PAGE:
- Denying an employee a promotion because they are openly gay and some of the team who would be reporting to them strike you as somewhat conservative and you worry that the employee might not feel comfortable supervising them
- Rejecting a student from House membership because some students feel uncomfortable with the student’s openness about their recent gender transition
- Rejecting a faculty candidate after a hiring team member opined that the candidate’s voice and mannerisms are too high-pitched and animated to be perceived as sufficiently professional and authoritative to run a lab effectively
- Telling a masculine-presenting nonbinary individual that they cannot wear makeup or wear feminine clothing in the workplace
18.2 Sexual or Gender-Based Harassment
- Sending unwanted sexually-oriented jokes to a student or work group email list or other group communication mediums (e.g., Slack, Teams)
- Displaying explicit sexual pictures in common areas of Institute housing or on a work computer station where others can view it
- Making or using derogatory comments, epithets, slurs, or jokes of a gender-based or sexual nature
- Ostracizing individuals from group activities because of their sex, gender or gender identity, gender expression, or sexual orientation, or because they objected to harassing behavior
- Threatening to “out” someone’s deadname or sexual orientation
- Making unwelcome graphic comments about an individual's body, using sexually degrading words to describe an individual
- Engaging in unwanted suggestive or obscene communications
- Engaging in unwelcome touching, fondling, or groping of a sexual nature
- Making unwanted sexual advances
- Promising a benefit to someone in exchange for engaging in sexual activity
- Exposing one’s genitals to another without consent
18.3 Sexual Exploitation
- Observing, recording, viewing, distributing, or allowing another to observe, record, view, or distribute intimate or sexual images of another individual without that individual’s consent
- Surveillance and other types of observations of intimate or highly personal activities, whether by physical proximity or electronic means, live or by a camera, such as watching a person undressing, showering, or engaging in sexual activity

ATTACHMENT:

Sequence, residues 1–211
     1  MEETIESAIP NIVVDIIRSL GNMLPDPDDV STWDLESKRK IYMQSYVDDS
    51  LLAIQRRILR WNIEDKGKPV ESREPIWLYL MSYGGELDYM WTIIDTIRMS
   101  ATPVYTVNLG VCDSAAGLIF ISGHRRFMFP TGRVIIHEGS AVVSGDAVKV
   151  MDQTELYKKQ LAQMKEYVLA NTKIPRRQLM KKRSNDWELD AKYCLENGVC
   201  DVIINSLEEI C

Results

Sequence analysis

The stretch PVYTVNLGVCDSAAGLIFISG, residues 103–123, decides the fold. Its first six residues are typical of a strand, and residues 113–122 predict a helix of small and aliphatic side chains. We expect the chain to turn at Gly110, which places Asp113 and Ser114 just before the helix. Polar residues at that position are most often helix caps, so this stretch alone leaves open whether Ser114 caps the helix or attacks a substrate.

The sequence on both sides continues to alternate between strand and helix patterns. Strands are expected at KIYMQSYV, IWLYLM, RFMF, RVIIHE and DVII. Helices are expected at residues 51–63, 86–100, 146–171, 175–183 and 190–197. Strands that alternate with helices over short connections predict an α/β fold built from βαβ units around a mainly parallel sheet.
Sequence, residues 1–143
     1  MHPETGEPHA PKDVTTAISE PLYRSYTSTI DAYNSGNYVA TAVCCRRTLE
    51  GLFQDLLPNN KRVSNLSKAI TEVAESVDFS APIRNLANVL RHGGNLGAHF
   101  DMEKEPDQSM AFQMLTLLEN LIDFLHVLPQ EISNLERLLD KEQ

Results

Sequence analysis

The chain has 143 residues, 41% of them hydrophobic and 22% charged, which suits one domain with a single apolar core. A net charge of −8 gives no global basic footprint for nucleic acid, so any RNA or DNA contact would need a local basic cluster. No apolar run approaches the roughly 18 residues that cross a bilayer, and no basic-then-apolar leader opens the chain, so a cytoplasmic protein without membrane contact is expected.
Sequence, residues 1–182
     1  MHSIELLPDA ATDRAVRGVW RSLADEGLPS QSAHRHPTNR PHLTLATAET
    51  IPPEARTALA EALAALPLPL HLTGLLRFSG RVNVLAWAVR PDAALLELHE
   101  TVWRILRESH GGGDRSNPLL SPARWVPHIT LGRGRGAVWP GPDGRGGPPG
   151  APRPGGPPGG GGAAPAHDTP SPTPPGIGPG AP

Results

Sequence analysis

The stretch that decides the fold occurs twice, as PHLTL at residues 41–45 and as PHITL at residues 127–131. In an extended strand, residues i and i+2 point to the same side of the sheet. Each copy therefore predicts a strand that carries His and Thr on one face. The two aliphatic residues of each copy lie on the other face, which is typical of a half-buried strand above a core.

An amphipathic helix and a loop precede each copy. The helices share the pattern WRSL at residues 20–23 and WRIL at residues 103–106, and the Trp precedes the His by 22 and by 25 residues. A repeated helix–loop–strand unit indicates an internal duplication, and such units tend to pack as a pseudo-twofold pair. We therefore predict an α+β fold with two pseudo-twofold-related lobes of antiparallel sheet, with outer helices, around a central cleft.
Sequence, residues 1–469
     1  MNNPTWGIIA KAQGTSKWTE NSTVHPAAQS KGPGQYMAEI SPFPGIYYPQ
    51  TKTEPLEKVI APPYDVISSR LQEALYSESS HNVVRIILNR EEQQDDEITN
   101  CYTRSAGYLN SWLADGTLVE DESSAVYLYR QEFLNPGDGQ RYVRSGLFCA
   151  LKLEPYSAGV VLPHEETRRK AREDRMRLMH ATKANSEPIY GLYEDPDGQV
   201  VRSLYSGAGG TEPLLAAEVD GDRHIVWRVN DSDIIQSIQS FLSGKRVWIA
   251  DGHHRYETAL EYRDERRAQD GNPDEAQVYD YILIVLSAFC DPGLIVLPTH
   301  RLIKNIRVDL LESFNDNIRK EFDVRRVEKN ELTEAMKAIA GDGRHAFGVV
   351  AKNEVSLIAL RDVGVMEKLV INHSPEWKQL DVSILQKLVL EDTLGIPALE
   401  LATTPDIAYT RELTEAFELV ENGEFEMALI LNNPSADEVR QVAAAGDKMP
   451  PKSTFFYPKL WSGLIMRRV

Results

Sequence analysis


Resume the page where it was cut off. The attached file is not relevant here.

- Taking steps to cause drunkenness or incapacitation by alcohol or drugs in order to make another person vulnerable to any degree of sexual activity
- Sexually based stalking or bullying, including by electronic means
- Offering someone for sexual activity in exchange for a benefit or payment
- Abuse of a position of vulnerability, power differential, or trust for sexual purposes
- Disrobing or exposure of another without their consent
- Repeated unwanted communication, including face-to-face contact, telephone calls, voice messages, emails, text messages, postings on social networking sites, written letters, or gifts
- Posting picture(s) or information of a sexual nature on social networking sites or other websites
- Gathering information about the person through the use of public records, online searches, going through the garbage, or contacting the person’s family, friends, or co-workers
- Posting private pictures or videos on school bulletin boards or internet sites
- Installing spyware on another person’s personal devices, including phones or computers
- Surveillance or other types of observation, including staring or peeping
- Pursuing, following, or showing up uninvited at or near places like classrooms, residence, workplace, or other places frequented by the person
- Directly or indirectly making threats to the person
- Inducing friends, family members, or other persons to engage in any of the above conduct
- Inducing friends, family members, or other persons to track and report on the person’s whereabouts and activities
19.0 Informational Resources
Information on prohibited conduct, as well as copies of Caltech’s Sex- and Gender-Based Misconduct; Nondiscrimination and Equal Employment Opportunity; Unlawful Harassment; and Violence Prevention policies are available from the following resources:
At Campus: Caltech’s Title IX Coordinator and deputy Title IX Coordinators, Caltech’s EO Coordinators, Human Resources, Student Affairs, the Deans’ Offices, the Caltech Center for Inclusion and Diversity, Resident Associates, the Staff and Faculty Consultation Center, and Employee and Organizational Development.
At JPL: JPL’s deputy Title IX Coordinator, EO Coordinator, and Human Resources Business Partners.